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Natural Awakenings Sarasota / Manatee / Charlotte

Finding Relief from Chronic Joint Pain

Jun 30, 2024 11:13AM ● By Dr. Eric Winder, DC

Photo credit to Monkey Business Images

It might be a knee, an elbow, an ankle or a shoulder. It still feels painful long after you’ve healed from an injury. Why does this pain continue in a joint for months—or even years—after that injury? Sometimes the reasons are obvious, but other times, the source of pain is not what you might think. A clear understanding of these root causes will make it easier to successfully treat the pain for lasting, sustainable relief. Let’s consider a few of these causes. 

Tissue Damage

The most obvious culprits of chronic joint pain is permanent tissue damage. This can include changes like osteoarthritis, bone spurs, spinal disc degeneration, torn ligaments, or posture and alignment conditions like scoliosis.

However, while these issues might be present in a chronically painful joint, they are not necessarily the source of pain. In fact, research shows a relatively low correlation between how much spinal arthritis someone has and how much pain they deal with.

Many patients at our clinic experience tremendous relief despite having scar tissue and arthritis in or near their joints—and yet, after the relief, this scar tissue and arthritis are still present. This means those issues were not the main causes of pain. In our clinic, we see that, while arthritis and scar tissue might cause stiffness or discomfort, other factors are more likely to result in intense or chronic joint pain. 


Another likely suspect is inflammation—a normal part of injury healing. However, sometimes a joint will remain inflamed long after the recovery process ends. This can lead to swelling, tenderness, and chronic pain. Anti-inflammatory medications might offer temporary relief, but in many cases, the symptoms return without medication. For lasting relief, it is important to locate and resolve the root cause of inflammation.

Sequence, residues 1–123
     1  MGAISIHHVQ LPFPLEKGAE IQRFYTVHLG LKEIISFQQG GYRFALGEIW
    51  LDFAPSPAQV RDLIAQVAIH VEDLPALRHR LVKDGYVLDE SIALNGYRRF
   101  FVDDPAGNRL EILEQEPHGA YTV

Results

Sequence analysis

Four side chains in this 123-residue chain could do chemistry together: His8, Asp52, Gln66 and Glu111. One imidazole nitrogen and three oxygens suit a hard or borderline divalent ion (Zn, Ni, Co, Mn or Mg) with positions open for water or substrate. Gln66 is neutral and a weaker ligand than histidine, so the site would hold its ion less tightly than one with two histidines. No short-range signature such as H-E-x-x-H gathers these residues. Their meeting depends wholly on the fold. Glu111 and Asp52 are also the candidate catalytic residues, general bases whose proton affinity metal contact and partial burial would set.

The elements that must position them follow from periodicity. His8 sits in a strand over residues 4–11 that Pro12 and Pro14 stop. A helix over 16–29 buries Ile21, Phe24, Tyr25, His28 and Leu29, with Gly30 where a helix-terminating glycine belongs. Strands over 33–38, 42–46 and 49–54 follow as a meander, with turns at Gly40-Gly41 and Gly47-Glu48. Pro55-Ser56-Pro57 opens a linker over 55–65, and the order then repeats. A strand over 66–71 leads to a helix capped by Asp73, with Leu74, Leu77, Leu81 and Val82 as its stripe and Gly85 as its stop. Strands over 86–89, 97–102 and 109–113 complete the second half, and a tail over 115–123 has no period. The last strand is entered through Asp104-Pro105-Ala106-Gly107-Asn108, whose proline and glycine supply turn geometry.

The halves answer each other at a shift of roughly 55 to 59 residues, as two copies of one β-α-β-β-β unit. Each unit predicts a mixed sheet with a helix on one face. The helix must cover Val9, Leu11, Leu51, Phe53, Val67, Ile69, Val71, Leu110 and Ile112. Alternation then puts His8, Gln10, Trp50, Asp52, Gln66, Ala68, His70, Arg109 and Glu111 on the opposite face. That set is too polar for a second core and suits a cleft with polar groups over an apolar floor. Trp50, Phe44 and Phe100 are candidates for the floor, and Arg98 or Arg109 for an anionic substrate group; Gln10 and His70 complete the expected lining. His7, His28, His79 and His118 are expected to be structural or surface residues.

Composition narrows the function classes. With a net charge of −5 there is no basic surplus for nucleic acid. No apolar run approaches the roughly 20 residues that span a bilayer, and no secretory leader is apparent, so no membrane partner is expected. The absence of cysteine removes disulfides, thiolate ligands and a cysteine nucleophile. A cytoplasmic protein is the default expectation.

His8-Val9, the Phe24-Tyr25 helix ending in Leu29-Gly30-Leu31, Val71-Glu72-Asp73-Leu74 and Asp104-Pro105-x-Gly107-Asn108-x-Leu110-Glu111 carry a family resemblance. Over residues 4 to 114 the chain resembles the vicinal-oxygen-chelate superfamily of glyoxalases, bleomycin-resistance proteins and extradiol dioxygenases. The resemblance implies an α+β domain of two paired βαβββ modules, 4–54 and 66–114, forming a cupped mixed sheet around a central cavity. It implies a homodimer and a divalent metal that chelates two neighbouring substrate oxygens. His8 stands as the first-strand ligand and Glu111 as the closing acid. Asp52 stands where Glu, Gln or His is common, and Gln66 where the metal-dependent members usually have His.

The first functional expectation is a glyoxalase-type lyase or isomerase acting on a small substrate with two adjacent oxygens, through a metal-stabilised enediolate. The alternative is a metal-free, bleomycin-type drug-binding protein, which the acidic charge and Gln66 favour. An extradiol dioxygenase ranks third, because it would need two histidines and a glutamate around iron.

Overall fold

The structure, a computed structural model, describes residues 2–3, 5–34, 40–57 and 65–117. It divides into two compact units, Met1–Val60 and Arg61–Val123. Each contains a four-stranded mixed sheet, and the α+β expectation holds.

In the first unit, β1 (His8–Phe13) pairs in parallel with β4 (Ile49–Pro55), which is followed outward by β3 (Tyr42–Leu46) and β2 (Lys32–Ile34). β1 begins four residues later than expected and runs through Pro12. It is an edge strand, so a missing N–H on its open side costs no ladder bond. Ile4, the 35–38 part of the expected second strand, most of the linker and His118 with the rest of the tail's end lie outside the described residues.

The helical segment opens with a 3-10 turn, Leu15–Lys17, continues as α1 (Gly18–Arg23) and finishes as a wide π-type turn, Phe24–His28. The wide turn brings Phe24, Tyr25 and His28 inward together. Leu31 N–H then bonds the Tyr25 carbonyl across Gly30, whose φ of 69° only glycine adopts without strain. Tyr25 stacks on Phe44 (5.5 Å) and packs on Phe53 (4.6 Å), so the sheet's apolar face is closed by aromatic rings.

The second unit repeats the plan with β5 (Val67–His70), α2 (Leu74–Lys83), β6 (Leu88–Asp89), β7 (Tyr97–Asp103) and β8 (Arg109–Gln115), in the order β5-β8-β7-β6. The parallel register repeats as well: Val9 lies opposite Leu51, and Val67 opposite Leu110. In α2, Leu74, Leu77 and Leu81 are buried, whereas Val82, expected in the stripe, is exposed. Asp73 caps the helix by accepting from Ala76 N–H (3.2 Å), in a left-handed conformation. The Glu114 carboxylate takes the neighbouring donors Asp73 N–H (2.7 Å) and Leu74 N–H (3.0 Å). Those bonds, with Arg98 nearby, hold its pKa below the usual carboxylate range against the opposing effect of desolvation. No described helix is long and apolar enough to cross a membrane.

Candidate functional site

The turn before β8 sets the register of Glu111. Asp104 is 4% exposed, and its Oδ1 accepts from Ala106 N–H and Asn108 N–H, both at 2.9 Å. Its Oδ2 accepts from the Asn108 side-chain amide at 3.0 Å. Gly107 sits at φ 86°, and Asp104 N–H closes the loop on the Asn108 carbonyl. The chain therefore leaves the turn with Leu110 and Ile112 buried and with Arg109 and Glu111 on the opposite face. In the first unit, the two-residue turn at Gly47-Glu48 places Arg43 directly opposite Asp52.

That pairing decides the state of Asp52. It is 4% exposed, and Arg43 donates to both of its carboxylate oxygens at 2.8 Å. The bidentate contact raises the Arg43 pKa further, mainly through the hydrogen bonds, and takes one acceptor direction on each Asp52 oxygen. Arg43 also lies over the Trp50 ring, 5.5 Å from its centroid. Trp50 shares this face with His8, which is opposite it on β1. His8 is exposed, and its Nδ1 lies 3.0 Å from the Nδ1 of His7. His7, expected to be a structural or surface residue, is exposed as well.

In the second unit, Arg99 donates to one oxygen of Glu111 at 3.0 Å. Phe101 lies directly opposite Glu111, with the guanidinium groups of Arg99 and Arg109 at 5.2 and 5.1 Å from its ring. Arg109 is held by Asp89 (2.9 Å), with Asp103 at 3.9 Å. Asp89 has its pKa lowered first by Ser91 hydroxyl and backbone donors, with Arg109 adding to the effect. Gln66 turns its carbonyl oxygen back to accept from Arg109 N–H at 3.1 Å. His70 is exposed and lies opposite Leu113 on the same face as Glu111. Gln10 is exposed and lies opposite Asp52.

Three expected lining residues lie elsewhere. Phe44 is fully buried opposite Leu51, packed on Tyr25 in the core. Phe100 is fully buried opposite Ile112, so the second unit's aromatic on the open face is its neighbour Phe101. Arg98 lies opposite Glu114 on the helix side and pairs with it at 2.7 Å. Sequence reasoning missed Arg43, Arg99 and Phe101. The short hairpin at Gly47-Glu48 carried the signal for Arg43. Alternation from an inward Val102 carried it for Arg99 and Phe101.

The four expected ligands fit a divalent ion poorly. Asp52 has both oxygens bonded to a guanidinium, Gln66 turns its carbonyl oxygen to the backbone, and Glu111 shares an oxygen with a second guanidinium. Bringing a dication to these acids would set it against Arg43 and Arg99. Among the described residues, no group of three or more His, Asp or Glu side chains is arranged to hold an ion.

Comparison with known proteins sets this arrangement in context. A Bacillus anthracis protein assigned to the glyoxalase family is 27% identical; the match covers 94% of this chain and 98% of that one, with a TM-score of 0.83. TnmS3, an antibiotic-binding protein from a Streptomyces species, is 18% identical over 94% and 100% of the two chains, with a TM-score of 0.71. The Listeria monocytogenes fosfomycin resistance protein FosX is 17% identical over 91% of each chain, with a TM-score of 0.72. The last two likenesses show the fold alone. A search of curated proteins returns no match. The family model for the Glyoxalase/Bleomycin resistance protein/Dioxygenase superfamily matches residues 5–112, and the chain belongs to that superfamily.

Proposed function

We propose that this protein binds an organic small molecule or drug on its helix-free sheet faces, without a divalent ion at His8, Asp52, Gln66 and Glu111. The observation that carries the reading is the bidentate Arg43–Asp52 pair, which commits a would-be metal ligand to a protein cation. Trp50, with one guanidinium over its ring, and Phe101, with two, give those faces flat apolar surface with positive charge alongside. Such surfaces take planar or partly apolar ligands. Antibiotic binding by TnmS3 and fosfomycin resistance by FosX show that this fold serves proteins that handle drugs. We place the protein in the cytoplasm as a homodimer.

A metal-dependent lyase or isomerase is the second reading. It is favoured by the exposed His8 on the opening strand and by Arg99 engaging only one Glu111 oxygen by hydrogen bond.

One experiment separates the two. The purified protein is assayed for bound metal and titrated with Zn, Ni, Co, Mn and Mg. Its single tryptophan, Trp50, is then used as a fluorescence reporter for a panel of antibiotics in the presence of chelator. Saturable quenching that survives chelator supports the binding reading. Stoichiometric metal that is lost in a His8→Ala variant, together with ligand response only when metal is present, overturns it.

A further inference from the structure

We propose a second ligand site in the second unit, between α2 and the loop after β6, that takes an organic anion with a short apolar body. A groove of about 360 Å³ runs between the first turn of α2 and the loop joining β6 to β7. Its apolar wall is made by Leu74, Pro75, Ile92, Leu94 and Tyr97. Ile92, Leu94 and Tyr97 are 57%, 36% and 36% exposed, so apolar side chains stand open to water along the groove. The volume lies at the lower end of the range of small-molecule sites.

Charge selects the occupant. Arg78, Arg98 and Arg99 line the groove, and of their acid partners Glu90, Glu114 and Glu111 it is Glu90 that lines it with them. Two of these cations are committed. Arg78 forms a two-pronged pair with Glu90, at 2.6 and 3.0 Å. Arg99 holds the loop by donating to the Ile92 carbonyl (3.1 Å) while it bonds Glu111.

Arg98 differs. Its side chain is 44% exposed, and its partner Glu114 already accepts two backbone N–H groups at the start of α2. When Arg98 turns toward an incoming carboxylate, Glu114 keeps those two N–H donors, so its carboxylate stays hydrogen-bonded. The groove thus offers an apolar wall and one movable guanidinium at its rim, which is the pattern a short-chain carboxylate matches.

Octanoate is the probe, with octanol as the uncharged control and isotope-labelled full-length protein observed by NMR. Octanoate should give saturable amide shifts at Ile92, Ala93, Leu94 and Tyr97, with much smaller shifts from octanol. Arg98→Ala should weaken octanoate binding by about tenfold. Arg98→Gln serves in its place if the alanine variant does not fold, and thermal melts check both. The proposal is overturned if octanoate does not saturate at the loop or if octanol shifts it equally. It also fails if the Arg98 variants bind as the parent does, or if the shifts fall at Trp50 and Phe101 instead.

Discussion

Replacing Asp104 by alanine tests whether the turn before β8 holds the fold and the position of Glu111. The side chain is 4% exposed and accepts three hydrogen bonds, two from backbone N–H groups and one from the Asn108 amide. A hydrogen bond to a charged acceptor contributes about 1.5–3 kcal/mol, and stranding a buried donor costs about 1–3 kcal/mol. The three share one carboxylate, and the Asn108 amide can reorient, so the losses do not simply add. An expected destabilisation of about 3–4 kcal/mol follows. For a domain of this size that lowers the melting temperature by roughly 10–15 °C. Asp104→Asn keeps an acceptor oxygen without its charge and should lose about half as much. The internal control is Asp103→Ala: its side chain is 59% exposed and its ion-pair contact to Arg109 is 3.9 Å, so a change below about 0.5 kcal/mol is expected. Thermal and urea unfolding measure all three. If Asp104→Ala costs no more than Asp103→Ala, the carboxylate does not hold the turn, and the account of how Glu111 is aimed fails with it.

Chronic joint pain can also be caused by joint instability. If a joint moves in directions that it’s not supposed to—even a small amount—this can result in mild to severe pain. Think of the joint as a wheel on a car or bicycle. It should rotate smoothly without shakes or wobbles. If a slight wobble occurs, it can ruin bearings and even cause damage to other body parts.  

Fascia Restriction

Finally, restrictions in the body’s connective tissue called fascia can lead to chronic joint pain as well. Fascia is a network of fibrous sheets and web-like structures, covering the muscles, bones, joints, and other tissues. Fascia contains nerve endings that give us position sense, which makes coordinated motion possible. All muscular balance, joint alignment, and joint stability require accurate position sense. When fascia restrictions or distortions occur, all those functions can be altered by faulty position sense and unstable joint mechanics. 

Identifying the Root Cause

These four major causes of chronic joint pain can be intertwined. Structural damage, such as torn ligaments might cause instability, then lead to inflammation and new fascia restriction. On the other hand, pain from inflammation could activate muscle tension, which leads to instability, new fascia restriction, and possibly arthritis. In other words, any of these factors can also develop or exacerbate the others. Successful treatment often requires temporary symptom treatment, but permanent relief necessitates finding the root cause wherever possible. Let’s break down at each of these four factors again from a treatment point of view. 

Treating Fascia Restrictions